With this in mind, I turn now to examine the duty to provide reasonable notice, which as will become plain, is dispositive of this appeal.
(1) Duty to Provide Reasonable Notice
 In the case at bar, the only disagreement in respect of reasonable notice turns on whether Mr. Matthews’ damages include an amount to compensate him for his lost LTIP payment.
 In my respectful view, the majority of the Court of Appeal erred by focusing on whether the terms of the LTIP were “plain and unambiguous” instead of asking what damages were appropriately due for Ocean’s failure to provide Mr. Matthews with reasonable notice. The issue is not whether Mr. Matthews is entitled to the LTIP in itself, but rather what damages he is entitled to and whether he was entitled to compensation for bonuses he would have earned had Ocean not breached the employment contract. By focusing narrowly on the former question, the Court of Appeal applied an incorrect principle, resulting in what I see as an overriding error.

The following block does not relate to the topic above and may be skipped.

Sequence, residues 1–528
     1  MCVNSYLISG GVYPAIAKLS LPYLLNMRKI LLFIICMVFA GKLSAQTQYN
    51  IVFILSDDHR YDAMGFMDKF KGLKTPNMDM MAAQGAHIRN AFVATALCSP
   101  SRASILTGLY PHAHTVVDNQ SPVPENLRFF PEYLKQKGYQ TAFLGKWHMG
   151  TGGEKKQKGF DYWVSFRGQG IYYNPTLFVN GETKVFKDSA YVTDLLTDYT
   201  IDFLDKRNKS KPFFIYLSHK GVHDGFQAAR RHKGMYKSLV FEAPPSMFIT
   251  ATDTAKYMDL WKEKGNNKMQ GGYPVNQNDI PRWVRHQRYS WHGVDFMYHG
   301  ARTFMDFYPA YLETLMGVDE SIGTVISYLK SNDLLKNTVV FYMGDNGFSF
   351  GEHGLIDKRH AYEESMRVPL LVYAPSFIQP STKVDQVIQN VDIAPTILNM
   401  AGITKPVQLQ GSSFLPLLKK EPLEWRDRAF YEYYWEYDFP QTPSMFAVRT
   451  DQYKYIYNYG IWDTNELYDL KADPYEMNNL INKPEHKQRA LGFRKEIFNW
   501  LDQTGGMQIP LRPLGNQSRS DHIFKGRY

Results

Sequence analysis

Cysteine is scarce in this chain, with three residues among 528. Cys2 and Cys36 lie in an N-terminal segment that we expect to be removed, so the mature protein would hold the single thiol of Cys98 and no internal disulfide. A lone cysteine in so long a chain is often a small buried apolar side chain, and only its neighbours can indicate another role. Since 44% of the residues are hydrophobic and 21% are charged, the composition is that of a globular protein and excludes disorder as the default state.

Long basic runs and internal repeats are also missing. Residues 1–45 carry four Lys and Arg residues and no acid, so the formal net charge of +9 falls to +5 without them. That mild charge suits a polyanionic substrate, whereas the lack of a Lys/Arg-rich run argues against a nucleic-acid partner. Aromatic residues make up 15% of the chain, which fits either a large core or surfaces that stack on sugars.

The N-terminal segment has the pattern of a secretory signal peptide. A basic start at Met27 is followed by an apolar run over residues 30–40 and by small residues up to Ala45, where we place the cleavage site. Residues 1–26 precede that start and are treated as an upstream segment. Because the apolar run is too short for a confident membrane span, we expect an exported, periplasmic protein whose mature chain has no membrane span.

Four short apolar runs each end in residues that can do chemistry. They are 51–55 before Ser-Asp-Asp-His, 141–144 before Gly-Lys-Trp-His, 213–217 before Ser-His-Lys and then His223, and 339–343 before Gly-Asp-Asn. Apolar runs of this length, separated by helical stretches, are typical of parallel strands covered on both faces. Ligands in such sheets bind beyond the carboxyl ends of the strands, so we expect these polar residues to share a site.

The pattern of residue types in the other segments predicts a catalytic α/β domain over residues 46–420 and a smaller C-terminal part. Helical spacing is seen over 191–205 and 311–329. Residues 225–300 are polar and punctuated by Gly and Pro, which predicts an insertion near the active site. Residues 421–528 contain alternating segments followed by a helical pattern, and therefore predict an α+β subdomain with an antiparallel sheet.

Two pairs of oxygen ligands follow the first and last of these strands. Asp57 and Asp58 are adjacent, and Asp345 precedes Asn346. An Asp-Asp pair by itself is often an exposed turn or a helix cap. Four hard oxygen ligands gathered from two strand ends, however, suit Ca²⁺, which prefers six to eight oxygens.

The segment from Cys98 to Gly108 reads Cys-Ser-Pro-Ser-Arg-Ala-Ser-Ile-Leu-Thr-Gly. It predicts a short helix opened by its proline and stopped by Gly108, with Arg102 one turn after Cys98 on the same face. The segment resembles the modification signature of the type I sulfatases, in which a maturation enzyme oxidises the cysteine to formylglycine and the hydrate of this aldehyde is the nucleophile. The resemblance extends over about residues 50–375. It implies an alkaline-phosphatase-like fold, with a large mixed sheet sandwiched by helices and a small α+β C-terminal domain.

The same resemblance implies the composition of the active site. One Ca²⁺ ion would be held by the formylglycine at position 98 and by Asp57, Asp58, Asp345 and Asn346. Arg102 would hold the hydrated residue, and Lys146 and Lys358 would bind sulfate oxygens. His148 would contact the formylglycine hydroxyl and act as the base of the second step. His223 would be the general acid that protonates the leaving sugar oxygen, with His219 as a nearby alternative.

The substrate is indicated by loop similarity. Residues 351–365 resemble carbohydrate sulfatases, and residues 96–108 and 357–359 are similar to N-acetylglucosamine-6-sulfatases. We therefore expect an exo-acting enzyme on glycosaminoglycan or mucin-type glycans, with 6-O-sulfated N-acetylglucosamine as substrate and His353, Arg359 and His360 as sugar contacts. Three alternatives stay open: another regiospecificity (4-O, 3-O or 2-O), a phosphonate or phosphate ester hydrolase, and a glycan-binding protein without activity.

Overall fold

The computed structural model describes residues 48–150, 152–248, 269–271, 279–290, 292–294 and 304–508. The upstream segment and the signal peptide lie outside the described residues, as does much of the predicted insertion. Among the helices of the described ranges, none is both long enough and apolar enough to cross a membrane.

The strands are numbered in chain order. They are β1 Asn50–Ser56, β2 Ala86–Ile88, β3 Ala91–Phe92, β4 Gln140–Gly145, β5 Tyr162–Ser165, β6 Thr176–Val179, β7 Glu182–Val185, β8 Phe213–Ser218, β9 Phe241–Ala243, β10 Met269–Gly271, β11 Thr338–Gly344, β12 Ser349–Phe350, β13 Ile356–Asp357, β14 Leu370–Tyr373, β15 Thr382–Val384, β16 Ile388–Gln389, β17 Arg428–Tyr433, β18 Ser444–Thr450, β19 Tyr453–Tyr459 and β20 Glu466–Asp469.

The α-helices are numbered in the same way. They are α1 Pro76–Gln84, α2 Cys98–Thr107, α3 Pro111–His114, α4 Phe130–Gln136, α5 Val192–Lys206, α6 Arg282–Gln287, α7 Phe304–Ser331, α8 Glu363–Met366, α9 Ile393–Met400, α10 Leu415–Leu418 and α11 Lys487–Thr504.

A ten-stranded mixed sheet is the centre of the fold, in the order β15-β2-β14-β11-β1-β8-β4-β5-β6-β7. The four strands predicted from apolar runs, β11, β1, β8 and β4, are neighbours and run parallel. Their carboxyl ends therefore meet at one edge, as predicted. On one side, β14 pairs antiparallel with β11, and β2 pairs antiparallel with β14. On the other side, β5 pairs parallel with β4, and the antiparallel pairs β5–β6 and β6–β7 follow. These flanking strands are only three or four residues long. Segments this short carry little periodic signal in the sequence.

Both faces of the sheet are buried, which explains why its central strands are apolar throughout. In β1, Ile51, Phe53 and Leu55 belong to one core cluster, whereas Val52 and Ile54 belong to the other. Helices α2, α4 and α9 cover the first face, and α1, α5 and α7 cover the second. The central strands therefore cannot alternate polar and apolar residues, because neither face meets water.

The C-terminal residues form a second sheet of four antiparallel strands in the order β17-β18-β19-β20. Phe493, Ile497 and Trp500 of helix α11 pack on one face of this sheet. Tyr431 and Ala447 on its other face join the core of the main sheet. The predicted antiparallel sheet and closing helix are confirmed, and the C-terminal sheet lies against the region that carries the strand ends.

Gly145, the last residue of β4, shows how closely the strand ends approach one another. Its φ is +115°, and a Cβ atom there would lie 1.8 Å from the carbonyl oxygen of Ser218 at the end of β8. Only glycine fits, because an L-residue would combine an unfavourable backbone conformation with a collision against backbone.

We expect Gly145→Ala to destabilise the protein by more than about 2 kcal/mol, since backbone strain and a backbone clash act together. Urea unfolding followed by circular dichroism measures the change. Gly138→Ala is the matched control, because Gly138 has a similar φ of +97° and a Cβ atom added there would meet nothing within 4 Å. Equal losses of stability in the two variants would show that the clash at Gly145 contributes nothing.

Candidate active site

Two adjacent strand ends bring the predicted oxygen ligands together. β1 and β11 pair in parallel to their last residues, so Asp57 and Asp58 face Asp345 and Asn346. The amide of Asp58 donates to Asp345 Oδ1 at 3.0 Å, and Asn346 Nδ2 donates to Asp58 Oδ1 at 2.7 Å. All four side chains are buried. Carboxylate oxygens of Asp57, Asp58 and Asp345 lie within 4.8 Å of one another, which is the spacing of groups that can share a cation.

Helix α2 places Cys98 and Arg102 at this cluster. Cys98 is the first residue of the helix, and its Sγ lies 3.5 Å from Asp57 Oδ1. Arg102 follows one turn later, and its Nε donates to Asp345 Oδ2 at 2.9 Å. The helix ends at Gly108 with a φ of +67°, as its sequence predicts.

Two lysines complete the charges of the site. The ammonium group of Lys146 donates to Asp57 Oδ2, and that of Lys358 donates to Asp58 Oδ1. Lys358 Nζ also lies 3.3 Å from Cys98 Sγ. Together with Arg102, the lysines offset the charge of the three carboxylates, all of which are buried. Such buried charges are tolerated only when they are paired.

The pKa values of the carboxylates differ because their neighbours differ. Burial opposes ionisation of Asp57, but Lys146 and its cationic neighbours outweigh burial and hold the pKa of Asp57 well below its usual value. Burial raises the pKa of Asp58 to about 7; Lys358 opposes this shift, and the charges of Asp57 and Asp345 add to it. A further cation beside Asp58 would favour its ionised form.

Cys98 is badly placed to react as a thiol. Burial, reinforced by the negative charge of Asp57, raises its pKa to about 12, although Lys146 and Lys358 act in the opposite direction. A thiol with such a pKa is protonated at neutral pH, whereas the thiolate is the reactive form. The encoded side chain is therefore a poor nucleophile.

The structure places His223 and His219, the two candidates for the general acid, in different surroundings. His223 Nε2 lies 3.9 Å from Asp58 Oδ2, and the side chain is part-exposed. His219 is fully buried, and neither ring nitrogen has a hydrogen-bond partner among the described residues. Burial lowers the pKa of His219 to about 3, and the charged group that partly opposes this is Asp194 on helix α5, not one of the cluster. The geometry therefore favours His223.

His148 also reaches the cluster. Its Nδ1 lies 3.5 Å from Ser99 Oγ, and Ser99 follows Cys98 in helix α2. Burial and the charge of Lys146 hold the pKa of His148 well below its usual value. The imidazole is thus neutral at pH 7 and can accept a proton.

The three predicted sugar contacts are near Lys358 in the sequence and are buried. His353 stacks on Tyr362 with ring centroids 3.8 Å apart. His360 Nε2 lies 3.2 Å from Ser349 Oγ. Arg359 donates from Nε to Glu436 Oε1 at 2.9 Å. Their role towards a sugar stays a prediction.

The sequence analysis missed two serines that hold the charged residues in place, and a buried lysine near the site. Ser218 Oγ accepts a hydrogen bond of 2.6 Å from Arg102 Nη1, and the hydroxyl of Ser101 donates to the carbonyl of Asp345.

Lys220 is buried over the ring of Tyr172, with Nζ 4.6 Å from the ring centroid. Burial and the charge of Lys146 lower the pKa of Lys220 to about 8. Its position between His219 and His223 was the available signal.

(a) Redress for Breach of the Implied Term to Provide Reasonable Notice of Termination
 Insofar as Mr. Matthews was constructively dismissed without notice, he was entitled to damages representing the salary, including bonuses, he would have earned during the 15-month period (Wallace, at paras. 65-67). This is so because the remedy for a breach of the implied term to provide reasonable notice is an award of damages based on the period of notice which should have been given, with the damages representing “what the employee would have earned in this period” (para. 115). Whether payments under incentive bonuses, such as the LTIP in this case, are to be included in these damages is a common and recurring issue in the law of wrongful dismissal. To answer this question, the trial judge relied on Paquette and Lin from the Court of Appeal for Ontario. I believe he took the right approach.